Microbial Ecology

, Volume 72, Issue 3, pp 669–681 | Cite as

Evidence for an Opportunistic and Endophytic Lifestyle of the Bursaphelenchus xylophilus-Associated Bacteria Serratia marcescens PWN146 Isolated from Wilting Pinus pinaster

  • Cláudia S. L. VicenteEmail author
  • Francisco X. Nascimento
  • Pedro Barbosa
  • Huei-Mien Ke
  • Isheng J. Tsai
  • Tomonori Hirao
  • Peter J. A. Cock
  • Taisei Kikuchi
  • Koichi Hasegawa
  • Manuel Mota
Plant Microbe Interactions


Pine wilt disease (PWD) results from the interaction of three elements: the pathogenic nematode, Bursaphelenchus xylophilus; the insect-vector, Monochamus sp.; and the host tree, mostly Pinus species. Bacteria isolated from B. xylophilus may be a fourth element in this complex disease. However, the precise role of bacteria in this interaction is unclear as both plant-beneficial and as plant-pathogenic bacteria may be associated with PWD. Using whole genome sequencing and phenotypic characterization, we were able to investigate in more detail the genetic repertoire of Serratia marcescens PWN146, a bacterium associated with B. xylophilus. We show clear evidence that S. marcescens PWN146 is able to withstand and colonize the plant environment, without having any deleterious effects towards a susceptible host (Pinus thunbergii), B. xylophilus nor to the nematode model C. elegans. This bacterium is able to tolerate growth in presence of xenobiotic/organic compounds, and use phenylacetic acid as carbon source. Furthermore, we present a detailed list of S. marcescens PWN146 potentials to interfere with plant metabolism via hormonal pathways and/or nutritional acquisition, and to be competitive against other bacteria and/or fungi in terms of resource acquisition or production of antimicrobial compounds. Further investigation is required to understand the role of bacteria in PWD. We have now reinforced the theory that B. xylophilus-associated bacteria may have a plant origin.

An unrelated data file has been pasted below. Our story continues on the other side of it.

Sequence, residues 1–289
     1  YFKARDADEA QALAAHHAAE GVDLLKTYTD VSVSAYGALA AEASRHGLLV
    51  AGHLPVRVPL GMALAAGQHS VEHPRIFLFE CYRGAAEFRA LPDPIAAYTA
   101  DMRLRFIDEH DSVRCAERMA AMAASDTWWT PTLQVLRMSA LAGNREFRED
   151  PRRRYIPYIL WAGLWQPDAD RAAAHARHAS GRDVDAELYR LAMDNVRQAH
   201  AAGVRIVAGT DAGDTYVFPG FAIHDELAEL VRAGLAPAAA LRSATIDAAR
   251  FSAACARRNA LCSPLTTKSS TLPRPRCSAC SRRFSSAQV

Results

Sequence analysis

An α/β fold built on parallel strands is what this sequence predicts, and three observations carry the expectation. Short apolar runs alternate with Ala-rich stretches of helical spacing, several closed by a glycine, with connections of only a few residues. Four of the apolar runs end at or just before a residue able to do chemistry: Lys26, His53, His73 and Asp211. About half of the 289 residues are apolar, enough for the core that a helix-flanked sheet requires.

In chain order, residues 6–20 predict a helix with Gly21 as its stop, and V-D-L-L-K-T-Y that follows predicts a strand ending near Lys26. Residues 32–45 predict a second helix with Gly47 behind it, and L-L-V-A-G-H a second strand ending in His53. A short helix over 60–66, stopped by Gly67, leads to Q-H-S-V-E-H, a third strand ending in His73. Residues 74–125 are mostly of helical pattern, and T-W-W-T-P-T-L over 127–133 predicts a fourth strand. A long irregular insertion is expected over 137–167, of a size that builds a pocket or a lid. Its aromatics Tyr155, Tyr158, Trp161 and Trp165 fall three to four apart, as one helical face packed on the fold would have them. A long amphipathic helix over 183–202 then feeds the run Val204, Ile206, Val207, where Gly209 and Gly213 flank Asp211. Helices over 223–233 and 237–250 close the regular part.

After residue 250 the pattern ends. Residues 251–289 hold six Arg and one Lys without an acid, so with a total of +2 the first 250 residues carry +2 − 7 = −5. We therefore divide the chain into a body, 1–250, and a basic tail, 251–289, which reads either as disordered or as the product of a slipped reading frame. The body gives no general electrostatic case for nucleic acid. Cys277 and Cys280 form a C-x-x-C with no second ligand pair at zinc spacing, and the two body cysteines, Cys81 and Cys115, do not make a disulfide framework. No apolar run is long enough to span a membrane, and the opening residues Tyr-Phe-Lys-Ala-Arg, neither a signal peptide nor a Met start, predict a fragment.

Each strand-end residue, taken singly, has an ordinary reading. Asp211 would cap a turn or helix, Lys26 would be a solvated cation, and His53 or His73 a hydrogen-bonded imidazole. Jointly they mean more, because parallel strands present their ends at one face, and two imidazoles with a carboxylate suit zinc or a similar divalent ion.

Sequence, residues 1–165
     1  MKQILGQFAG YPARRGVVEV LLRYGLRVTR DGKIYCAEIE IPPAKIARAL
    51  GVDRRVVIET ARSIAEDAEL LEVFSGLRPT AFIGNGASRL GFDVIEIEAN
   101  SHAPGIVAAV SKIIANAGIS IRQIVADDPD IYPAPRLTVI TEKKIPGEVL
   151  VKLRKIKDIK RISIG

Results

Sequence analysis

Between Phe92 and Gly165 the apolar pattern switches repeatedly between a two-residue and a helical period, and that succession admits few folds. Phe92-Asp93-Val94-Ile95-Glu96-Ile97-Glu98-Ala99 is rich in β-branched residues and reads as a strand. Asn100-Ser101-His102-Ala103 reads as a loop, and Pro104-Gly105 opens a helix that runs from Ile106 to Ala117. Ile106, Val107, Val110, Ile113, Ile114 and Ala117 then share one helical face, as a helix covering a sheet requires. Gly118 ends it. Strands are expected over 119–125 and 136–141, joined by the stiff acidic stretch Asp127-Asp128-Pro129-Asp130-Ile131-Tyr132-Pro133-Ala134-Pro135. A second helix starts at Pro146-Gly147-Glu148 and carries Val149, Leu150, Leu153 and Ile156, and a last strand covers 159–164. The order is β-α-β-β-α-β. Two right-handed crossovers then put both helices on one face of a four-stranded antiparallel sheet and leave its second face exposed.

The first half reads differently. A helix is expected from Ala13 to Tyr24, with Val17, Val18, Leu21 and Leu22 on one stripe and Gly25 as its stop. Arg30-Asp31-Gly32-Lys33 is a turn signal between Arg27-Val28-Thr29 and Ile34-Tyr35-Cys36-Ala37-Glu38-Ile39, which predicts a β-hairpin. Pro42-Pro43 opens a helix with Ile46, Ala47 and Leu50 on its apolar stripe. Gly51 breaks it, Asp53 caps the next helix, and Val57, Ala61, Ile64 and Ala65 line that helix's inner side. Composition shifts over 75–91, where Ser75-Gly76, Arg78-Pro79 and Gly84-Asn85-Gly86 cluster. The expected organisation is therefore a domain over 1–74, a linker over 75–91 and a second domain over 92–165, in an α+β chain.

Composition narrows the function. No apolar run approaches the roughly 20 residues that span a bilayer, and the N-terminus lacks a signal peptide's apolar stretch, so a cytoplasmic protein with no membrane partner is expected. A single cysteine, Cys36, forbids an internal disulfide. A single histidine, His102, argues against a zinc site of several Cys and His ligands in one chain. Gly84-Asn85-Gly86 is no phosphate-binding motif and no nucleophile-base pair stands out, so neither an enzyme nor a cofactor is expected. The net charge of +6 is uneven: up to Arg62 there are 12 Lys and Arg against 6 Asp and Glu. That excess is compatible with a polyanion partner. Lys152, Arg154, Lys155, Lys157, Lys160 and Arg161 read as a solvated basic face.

Bursaphelenchus xylophilus Endophyte Nematode Serratia marcescens Pine wilt disease